"Sau Kong" means "keeping the work". This dinner celebrates the completion of work/task/job for that particular year. Chinese business men usually throw dinners like this to represent their closing of the year. Also meaning that it's "Close shop" until the next (Chinese) new year begins.

The last dish that came was a desert, which was (Longan in) Jelly Fish.

Jelly Fish... jelly fish.. get it?


Ok, so maybe it's not that funny....BUT it's FUNNY!!!! HAHAHA Happy Chinese New Year all!

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Monday, January 19, 2009

Fatty Bom-bom

"Eh, no pineapple tarts from you this year? But I always get pineapple tarts from you :~("

"I want 2 containers of your peanut cookies ok?"

"Aren't you baking this year?"

Nope, I'm really not in the mood for any CNY baking this year. My oven is still BLAHHH, and I just moved, the house is a mess, ...I just want to rest. So don't expect any homemade stuff from me this year.

But of course, that does not mean No Goodies at Teckiee's. Inspired by Precious Pea's homemade char siew (You should really have her show you the picture. Perfect layers of meat and fat), I came up with this quick cook up finger food that can be easily served to anyone called Fatty Bom-bom!

All you need is "long yoke" aka "daging salai" aka BBQed dried meat, cheese, and toothpicks. Cut your long yoke and cheese into small squares (or circles, stars, diamonds ;p), and layer them up. Hold them together with a toothpick and arrange them on a plate to be served.

You can use pork (or chicken if you are entertaining Muslim friends) "long yoke". Try using the softer "long yoke", the ones which the meat are minced then made into the "long yoke". The whole strip "long yoke" tend have less moisture and hard.

For the cheese, try using soft cheese, or stronger (as in the smell) cheese. I used the Dutch smoked black pepper cheese which went really well with the "long yoke". I think Gorgonzola will go well with this as well.

Side track: I bought the cheese at Cold Storage in One Utama. The guy cutting the cheese reminded my sister of a Malay version of Gio, the Sandwich guy from Ugly Betty. I totally agree! I kind of had fun talking about cheese with him. LOL!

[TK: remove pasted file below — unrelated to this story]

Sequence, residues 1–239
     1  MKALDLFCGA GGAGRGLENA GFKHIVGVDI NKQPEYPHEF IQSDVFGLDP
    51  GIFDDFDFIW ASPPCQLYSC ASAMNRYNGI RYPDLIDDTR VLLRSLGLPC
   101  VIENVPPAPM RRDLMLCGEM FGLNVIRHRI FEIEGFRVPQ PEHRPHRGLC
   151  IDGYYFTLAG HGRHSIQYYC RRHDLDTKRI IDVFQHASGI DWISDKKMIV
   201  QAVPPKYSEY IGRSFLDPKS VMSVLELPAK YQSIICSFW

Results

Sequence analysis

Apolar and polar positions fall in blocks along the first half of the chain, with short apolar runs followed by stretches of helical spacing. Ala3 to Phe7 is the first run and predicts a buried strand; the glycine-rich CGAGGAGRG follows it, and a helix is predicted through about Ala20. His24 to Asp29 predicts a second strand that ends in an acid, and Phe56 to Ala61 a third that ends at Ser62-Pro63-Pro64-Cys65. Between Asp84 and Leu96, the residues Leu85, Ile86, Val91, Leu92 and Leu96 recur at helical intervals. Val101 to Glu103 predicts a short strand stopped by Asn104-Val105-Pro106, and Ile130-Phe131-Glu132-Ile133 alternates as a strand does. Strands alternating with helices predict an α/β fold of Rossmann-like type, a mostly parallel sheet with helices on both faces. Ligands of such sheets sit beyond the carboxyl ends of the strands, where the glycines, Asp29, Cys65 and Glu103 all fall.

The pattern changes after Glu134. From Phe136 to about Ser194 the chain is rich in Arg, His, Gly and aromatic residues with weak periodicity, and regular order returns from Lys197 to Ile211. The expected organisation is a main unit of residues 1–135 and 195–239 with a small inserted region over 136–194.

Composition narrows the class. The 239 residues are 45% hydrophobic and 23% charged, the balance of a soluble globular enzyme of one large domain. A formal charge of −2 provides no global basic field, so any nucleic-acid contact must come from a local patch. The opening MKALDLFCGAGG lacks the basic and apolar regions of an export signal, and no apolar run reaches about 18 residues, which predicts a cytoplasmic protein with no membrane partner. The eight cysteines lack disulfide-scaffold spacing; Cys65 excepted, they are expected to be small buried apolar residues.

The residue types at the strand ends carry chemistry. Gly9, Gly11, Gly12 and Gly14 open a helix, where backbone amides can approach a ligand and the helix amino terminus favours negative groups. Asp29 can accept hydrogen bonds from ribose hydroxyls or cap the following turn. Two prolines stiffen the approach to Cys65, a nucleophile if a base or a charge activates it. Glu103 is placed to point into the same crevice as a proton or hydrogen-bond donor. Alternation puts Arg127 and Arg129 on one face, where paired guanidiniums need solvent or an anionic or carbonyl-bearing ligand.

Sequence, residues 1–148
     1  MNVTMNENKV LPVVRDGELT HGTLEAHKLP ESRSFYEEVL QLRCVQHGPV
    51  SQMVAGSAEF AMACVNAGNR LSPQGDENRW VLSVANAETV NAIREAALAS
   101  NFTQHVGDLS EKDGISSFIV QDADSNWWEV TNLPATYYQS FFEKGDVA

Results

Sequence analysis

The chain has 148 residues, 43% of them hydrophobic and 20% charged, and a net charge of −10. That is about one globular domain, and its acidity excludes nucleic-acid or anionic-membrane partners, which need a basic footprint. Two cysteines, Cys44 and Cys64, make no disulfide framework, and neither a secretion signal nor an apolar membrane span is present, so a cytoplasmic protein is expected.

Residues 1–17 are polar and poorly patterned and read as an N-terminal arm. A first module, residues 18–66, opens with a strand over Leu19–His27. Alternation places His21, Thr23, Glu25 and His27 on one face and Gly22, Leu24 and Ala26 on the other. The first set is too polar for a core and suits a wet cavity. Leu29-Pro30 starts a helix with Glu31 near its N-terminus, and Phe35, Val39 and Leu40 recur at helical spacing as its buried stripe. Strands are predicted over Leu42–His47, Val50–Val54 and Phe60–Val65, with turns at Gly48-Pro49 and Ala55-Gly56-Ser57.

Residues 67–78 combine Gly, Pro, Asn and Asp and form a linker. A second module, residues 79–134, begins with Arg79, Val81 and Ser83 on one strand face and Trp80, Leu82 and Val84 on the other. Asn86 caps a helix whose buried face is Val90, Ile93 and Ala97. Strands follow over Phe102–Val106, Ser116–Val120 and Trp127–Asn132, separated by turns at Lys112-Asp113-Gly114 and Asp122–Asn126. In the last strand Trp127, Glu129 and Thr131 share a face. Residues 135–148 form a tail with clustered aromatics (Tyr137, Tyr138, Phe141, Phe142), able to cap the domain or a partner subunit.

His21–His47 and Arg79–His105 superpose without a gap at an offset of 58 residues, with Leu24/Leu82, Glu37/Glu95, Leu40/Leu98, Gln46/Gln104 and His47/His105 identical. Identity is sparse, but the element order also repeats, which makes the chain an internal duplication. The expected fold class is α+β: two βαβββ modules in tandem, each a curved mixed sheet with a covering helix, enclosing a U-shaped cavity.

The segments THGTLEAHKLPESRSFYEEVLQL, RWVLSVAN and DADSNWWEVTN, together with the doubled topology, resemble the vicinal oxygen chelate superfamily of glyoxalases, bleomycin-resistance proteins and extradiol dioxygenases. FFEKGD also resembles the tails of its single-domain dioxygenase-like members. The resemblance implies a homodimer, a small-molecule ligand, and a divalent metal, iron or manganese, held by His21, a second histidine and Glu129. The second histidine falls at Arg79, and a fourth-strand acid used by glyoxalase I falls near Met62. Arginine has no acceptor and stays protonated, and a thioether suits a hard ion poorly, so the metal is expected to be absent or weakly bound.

Hm... only thing missing how is a glass of red wine... slurp slurp. Goes well with red, or any booze!

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Thursday, January 15, 2009


The history of meatballs making in Malaysia dated back to the post era the 2nd world war. There was a person named Khong Zing, originated from the district of Canton, China, left his homeland to the Peninsular Malaya for a better life. He commenced his venture by setting up him business in the heart of Kuala Lumpur, more precisely at Jalan Silang.

For some urgent personal matter, he went home where of his business had to be taken care for by Chan Fatt Kam. As the meatballs are of exceptional taste and quality, Chan does not face much difficulty to expand and further enhance the business. At the moment the show was situated in such a way that it was annexed to two other shop at the road junction. Henceforth, the regular customers have named it as "San Jian Chuang", translated to "Three Adjacent Shops". Now the name "San Jian Chuang" is well known and is synonymous to meatballs.

Thereafter Chan has passed on the are of making meatballs to one Yap See Chiew, the next generation to continue the are and to make available to the public, the exquisite taste of superior and quality meatballs, Yap has then set up his own establishment in Jinjang, Kuala Lumpur of which is know as "San Jian Chuang". He has further branched out to Petaling Jaya (behind Mak Yee Restaurant) whereof most Petaling Jaya folks would patronize it for breakfast, especially weekends.

So... I'm guessing after all that, 3JC open their first non-coffee shop style outlet in Equine Park's Jaya Jusco in Seri Kembangan. 3JC's other outlet is at One Utama, a small one compared to this one.

I was kind of skeptical when my mom wanted to have dinner here. I prefer my coffee shop stuff in the coffeeshop. All this air conditioned coffee shop / hawker food restaurant thing just doesn't give me the "feel". But I guess I have to change that mindset... cos 3JC actually serves nice pork ball noodles the coffee shop way minus the coffee shop.

A big bowl of porridge which my sister ordered. I didn't taste it but I could smell all the goodies when it bowl was placed on the table. I like it when restaurants are generous with their portions and don't hold back on the ingredients. That oil on the left of the bowl, they are sesame oil, which made the porridge fragrant.